## October 10, 2024: Midwest Probability Colloquium

N/A

## October 17, 2024: Kihoon Seong (Cornell)

**Gaussian fluctuations of focusing Φ^4 measure around the soliton manifold**

I will explain the central limit theorem for the focusing Φ^4 measure in the infinite volume limit. The focusing Φ^4 measure, an invariant Gibbs measure for the nonlinear Schrödinger equation, was first studied by Lebowitz, Rose, and Speer (1988), and later extended by Bourgain (1994), Brydges and Slade (1996), and Carlen, Fröhlich, and Lebowitz (2016).

Rider previously showed that this measure is strongly concentrated around a family of minimizers of the associated Hamiltonian, known as the soliton manifold. In this talk, I will discuss the fluctuations around this soliton manifold. Specifically, we show that the scaled field under the focusing Φ^4 measure converges to white noise in the infinite volume limit, thus identifying the next-order fluctuations, as predicted by Rider.

This talk is based on joint work with Philippe Sosoe (Cornell).

## October 24, 2024: Jacob Richey (Alfred Renyi Institute)

**Stochastic abelian particle systems and self-organized criticality**

Abstract: Activated random walk (ARW) is an 'abelian' particle system that conjecturally exhibits complex behaviors which were first described by physicists in the 1990s, namely self organized criticality and hyperuniformity. I will discuss recent results for ARW and the stochastic sandpile (a related model) on Z and other graphs, plus many open questions.

## October 31, 2024: David Clancy (UW-Madison)

**Likelihood landscape on a known phylogeny**

Abstract: Over time, ancestral populations evolve to become separate species. We can represent this history as a tree with edge lengths where the leaves are the modern-day species. If we know the precise topology of the tree (i.e. the precise evolutionary relationship between all the species), then we can imagine traits (their presence or absence) being passed down according to a symmetric 2-state continuous-time Markov chain. The branch length becomes the probability a parent species has a trait while the child species does not. This length is unknown, but researchers have observed they can get pretty good estimates using maximum likelihood estimation and only the leaf data despite the fact that the number of critical points for the log-likelihood grows exponentially fast in the size of the tree. In this talk, I will discuss why this MLE approach works by showing that the population log-likelihood is strictly concave and smooth in a neighborhood around the true branch length parameters and the size.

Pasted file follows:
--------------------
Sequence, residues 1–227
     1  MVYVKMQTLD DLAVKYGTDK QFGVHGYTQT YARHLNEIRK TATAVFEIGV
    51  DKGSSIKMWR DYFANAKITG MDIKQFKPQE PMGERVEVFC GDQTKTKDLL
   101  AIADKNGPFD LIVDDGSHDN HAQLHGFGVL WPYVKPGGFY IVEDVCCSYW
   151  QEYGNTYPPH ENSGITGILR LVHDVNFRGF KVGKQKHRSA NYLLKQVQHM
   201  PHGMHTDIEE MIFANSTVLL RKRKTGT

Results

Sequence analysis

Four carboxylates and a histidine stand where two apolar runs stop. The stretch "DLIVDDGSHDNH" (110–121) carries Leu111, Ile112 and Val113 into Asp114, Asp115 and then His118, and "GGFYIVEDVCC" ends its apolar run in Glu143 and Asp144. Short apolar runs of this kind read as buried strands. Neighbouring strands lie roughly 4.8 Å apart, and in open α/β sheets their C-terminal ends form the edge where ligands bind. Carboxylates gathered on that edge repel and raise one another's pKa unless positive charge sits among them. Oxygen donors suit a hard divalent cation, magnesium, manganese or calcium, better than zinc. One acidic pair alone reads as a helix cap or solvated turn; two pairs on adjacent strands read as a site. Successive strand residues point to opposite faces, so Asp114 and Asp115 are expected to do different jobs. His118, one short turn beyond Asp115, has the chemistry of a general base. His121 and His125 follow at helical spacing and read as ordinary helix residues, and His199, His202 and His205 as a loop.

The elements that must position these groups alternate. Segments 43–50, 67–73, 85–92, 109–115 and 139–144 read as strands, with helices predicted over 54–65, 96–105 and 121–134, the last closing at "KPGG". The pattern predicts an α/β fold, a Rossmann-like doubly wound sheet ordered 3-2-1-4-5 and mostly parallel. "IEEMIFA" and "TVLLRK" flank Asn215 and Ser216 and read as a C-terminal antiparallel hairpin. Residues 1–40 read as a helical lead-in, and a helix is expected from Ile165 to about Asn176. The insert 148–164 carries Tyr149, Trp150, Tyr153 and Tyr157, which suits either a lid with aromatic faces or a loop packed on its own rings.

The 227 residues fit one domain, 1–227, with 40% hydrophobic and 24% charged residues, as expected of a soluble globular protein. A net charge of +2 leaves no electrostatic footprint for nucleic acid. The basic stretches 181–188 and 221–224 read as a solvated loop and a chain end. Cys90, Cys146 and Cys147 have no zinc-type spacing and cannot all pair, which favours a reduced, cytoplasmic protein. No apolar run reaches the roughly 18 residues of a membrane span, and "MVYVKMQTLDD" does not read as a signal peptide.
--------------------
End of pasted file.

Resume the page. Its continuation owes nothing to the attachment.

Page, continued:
This talk is based on joint work with Hanbaek Lyu, Sebastien Roch and Allan Sly.

## November 7, 2024: Zoe Huang (UNC Chapel Hill)

TBD

## November 14, 2024: Deb Nabarun (University of Chicago)

TBD

## November 21, 2024: Reza Gheissari (Northwestern)

TBD

## November 28, 2024: Thanksgiving

No seminar

## December 5, 2024: Erik Bates (NC State)

TBD

# Spring 2024

**Thursdays at 2:30 PM either in 901 Van Vleck Hall or on Zoom**

We usually end for questions at 3:20 PM.

## January 25, 2024: Tatyana Shcherbina (UW-Madison)

**Characteristic polynomials of sparse non-Hermitian random matrices**

We consider the asymptotic local behavior of the second correlation functions of the characteristic polynomials of sparse non-Hermitian random matrices $X_n$ whose entries have the form $x_{jk}=d_{jk}w_{jk}$ with iid complex standard Gaussian $w_{jk}$ and normalized iid Bernoulli$(p)$ $d_{jk}$. If $p\to\infty$, the local asymptotic behavior of the second correlation function of characteristic polynomials near $z_0\in \mathbb{C}$ coincides with those for Ginibre ensemble of non-Hermitian matrices with iid Gaussian entries: it converges to a determinant of the Ginibre kernel in the bulk $|z_0|<1$, and it is factorized if $|z_0|>1$. It appears, however, that for the finite $p>0$, the behavior is different and it exhibits the transition between three different regimes depending on values $p$ and $|z_0|^2$. This is the joint work with Ie. Afanasiev.